- Third in a series on Julio González, dedicated to covering the artist's entire ouevre
- A pioneer of welded iron, González's distinctive and expressive style has reverberated throughout the modern art movement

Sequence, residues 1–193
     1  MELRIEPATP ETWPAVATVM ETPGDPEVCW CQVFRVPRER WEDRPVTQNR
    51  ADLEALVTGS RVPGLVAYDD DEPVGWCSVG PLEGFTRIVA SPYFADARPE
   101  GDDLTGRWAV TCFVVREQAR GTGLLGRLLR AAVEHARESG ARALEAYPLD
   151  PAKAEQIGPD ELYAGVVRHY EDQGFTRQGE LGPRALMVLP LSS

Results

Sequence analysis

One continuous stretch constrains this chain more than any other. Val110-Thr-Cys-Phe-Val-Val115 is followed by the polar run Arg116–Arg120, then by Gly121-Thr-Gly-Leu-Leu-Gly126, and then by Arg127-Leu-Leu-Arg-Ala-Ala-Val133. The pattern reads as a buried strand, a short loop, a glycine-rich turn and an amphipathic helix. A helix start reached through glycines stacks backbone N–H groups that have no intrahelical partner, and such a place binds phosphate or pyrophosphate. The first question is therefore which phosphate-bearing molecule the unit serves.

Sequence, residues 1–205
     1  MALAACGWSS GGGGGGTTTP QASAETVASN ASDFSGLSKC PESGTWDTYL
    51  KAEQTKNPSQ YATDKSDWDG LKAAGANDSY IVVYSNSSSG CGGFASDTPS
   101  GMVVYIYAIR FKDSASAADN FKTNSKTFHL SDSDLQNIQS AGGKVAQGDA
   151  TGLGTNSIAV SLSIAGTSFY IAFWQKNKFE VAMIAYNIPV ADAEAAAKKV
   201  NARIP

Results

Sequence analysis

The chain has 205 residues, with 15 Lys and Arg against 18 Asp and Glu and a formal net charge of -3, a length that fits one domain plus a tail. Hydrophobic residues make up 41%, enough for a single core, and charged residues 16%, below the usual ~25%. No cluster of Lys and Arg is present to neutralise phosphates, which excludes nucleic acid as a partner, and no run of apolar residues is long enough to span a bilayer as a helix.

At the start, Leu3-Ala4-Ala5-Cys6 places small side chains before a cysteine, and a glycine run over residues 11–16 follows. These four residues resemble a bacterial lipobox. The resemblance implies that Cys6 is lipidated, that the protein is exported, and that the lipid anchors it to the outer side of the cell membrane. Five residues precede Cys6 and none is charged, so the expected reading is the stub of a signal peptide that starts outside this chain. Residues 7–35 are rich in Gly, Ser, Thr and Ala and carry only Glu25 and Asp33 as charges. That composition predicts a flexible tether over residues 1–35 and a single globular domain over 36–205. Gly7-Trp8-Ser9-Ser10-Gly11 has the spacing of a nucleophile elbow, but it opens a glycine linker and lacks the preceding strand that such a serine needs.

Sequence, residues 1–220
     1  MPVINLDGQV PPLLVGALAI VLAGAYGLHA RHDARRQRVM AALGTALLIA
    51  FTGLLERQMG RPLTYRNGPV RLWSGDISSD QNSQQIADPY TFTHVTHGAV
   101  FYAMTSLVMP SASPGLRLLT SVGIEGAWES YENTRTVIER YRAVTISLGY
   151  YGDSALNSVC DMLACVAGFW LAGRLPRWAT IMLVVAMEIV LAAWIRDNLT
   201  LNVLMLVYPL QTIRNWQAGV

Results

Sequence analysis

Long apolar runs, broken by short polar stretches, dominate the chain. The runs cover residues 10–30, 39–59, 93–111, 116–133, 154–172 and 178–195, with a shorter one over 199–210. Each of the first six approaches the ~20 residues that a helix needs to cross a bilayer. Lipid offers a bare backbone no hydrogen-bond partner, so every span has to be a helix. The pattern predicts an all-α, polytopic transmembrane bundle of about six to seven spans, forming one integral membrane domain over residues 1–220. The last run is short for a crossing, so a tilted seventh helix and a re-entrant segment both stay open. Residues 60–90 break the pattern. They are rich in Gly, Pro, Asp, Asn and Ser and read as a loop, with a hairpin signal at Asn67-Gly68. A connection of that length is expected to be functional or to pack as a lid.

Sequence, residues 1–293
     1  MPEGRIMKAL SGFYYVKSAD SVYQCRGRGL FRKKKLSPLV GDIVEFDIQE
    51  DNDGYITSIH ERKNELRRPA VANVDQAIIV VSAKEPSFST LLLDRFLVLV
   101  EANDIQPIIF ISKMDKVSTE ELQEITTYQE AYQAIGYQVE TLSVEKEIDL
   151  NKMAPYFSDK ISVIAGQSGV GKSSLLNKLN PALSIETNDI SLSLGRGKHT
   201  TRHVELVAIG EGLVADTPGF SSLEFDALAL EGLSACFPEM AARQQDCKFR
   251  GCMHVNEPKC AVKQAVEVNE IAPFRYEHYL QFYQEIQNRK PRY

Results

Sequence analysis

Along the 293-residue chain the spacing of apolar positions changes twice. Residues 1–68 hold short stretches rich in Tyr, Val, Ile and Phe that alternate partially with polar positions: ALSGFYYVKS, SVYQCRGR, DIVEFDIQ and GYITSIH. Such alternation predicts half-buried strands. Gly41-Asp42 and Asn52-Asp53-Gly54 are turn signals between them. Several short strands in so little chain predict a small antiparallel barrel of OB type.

The Spanish sculptor Julio González (1876-1942) pioneered welded iron constructions and gave the medium an unprecedented expressiveness and range. Born in Barcelona, he learned his craft from his father, a goldsmith and sculptor.He moved in 1900 to Paris, where his contact with the most innovative and powerful modern art led, as one would expect, to a vitalisation of his own artistic conceptions. He arrived at a style of his own through his attempts to incorporate space and time into his work, and in so doing he changed the meaning of iron, endowing it with new constructive and expressive values. His work made a definitive impact on the development of contemporary sculpture. Though his output was small, his influence on such master sculptors as David Smith - a distant pupil - is testimony to the eloquence of his art.This ambitious publishing project (for which seven volumes are planned) focuses on the artist's complete oeuvre and is the result of the initiative of Tomàs Llorens, former director of the Reina Sofía Museum and the Thyssen-Bornemisza Museum, both of which are in Madrid, and the IVAM in Valencia, which holds over 400 works by Julio González in its collection. Published in collaboration with the IVAM and the Azcona Foundation in Madrid.Text in English, Spanish, and Catalan.